Researchers at University College London, the University of Bath and Daresbury Laboratory, Cheshire, UK, have used computer simulations to help explain why making blue light-emitting diodes (LEDs) using gallium nitride is so difficult. Blue LEDs have been available commercially for twenty years and are used in energy-saving lighting and many other applications. They earned their inventors the 2014 Nobel Prize in Physics. However, there has been a gap in our knowledge as to how gallium nitride actually works to produce light of the required wavelength; it needs a lot of magnesium dopant. Now, UCL chemist John Buckeridge and colleagues have simulated the doping of this material and demonstrated that when you add a magnesium atom, it replaces a gallium atom but does not donate the positive charge to the material. The discovery could help scientists develop an alternative doping strategy for making new types of blue LED.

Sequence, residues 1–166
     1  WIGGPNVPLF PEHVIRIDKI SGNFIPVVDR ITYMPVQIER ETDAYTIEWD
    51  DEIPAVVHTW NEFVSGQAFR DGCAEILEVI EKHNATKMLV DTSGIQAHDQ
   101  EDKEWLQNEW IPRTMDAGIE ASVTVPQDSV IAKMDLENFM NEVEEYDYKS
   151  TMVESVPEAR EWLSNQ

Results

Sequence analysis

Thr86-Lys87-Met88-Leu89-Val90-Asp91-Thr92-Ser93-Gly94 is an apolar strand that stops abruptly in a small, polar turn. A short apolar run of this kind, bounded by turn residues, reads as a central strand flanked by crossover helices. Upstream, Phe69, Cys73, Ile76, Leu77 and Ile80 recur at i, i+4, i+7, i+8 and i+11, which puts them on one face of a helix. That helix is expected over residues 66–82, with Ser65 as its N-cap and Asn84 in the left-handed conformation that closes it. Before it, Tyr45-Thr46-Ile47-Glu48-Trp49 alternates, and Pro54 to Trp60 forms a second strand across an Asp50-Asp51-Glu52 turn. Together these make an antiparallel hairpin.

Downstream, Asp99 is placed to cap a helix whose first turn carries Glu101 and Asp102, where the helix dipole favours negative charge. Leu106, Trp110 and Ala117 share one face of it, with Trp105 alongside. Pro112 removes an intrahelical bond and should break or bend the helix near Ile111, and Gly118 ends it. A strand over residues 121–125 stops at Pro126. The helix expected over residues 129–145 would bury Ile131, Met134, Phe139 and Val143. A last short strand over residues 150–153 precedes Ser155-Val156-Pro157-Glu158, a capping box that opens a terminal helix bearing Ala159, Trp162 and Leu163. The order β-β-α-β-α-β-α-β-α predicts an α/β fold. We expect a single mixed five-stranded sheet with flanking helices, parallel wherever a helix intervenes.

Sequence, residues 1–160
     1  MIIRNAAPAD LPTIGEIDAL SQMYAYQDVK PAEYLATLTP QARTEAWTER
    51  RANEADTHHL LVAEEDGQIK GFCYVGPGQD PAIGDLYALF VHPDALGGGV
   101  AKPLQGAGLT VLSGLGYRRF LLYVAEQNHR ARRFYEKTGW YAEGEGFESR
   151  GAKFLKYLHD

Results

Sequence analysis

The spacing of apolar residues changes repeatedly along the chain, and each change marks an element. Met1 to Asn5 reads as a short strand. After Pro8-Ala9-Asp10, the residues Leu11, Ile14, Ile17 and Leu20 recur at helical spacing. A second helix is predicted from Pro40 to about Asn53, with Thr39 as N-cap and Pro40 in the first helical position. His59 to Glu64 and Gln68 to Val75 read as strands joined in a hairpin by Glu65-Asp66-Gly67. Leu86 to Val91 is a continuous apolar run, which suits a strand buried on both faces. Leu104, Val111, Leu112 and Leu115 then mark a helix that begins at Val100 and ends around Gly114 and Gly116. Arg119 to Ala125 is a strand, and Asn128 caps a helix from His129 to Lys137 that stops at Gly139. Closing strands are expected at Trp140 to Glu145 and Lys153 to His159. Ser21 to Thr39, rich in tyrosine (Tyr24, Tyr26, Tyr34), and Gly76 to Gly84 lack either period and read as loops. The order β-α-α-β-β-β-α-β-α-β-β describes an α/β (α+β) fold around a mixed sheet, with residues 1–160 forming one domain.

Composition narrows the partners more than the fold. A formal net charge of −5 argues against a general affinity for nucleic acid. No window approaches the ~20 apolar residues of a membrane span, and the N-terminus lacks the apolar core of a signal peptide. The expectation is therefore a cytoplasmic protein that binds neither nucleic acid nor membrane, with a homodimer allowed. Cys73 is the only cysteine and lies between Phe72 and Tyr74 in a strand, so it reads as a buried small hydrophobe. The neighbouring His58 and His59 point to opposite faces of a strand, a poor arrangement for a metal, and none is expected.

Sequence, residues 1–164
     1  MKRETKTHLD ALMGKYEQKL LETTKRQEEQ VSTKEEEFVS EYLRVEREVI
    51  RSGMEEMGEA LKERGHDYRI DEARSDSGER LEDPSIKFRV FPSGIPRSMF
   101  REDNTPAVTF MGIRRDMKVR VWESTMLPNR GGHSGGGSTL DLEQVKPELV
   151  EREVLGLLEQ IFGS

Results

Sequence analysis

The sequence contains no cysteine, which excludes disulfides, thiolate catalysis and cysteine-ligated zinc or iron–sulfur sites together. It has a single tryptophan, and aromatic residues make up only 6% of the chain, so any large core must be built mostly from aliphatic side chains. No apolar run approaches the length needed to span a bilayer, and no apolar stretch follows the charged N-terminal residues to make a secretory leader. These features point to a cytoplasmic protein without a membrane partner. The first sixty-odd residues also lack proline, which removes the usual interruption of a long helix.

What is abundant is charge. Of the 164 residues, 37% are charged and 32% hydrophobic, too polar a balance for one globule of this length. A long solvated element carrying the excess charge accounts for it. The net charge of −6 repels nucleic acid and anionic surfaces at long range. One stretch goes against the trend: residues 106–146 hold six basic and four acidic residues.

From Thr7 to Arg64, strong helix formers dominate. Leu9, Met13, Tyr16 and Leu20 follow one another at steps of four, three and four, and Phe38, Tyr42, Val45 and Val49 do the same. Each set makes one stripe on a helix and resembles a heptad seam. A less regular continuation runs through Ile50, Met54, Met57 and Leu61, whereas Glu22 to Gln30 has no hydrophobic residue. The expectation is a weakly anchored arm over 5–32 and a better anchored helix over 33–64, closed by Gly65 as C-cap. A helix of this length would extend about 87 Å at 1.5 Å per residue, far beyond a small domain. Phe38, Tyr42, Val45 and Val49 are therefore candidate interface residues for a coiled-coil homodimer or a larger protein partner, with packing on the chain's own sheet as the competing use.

The LED blues